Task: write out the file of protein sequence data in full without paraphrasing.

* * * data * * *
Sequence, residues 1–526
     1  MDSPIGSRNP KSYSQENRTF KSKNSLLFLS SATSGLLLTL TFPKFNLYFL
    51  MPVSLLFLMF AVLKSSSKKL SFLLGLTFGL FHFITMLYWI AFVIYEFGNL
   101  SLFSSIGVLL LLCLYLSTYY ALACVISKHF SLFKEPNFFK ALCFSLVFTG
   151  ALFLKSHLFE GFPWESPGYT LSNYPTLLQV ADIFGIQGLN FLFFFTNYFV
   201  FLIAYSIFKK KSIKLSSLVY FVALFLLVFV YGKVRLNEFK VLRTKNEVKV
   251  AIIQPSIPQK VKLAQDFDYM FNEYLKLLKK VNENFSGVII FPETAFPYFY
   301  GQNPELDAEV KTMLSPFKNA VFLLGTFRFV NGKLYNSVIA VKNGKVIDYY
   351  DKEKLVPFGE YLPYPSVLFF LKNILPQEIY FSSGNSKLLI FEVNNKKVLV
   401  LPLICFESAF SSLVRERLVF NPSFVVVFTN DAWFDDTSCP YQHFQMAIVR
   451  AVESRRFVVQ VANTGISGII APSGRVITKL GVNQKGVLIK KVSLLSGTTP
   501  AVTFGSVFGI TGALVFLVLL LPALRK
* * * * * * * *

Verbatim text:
Sequence, residues 1–526
     1  MDSPIGSRNP KSYSQENRTF KSKNSLLFLS SATSGLLLTL TFPKFNLYFL
    51  MPVSLLFLMF AVLKSSSKKL SFLLGLTFGL FHFITMLYWI AFVIYEFGNL
   101  SLFSSIGVLL LLCLYLSTYY ALACVISKHF SLFKEPNFFK ALCFSLVFTG
   151  ALFLKSHLFE GFPWESPGYT LSNYPTLLQV ADIFGIQGLN FLFFFTNYFV
   201  FLIAYSIFKK KSIKLSSLVY FVALFLLVFV YGKVRLNEFK VLRTKNEVKV
   251  AIIQPSIPQK VKLAQDFDYM FNEYLKLLKK VNENFSGVII FPETAFPYFY
   301  GQNPELDAEV KTMLSPFKNA VFLLGTFRFV NGKLYNSVIA VKNGKVIDYY
   351  DKEKLVPFGE YLPYPSVLFF LKNILPQEIY FSSGNSKLLI FEVNNKKVLV
   401  LPLICFESAF SSLVRERLVF NPSFVVVFTN DAWFDDTSCP YQHFQMAIVR
   451  AVESRRFVVQ VANTGISGII APSGRVITKL GVNQKGVLIK KVSLLSGTTP
   501  AVTFGSVFGI TGALVFLVLL LPALRK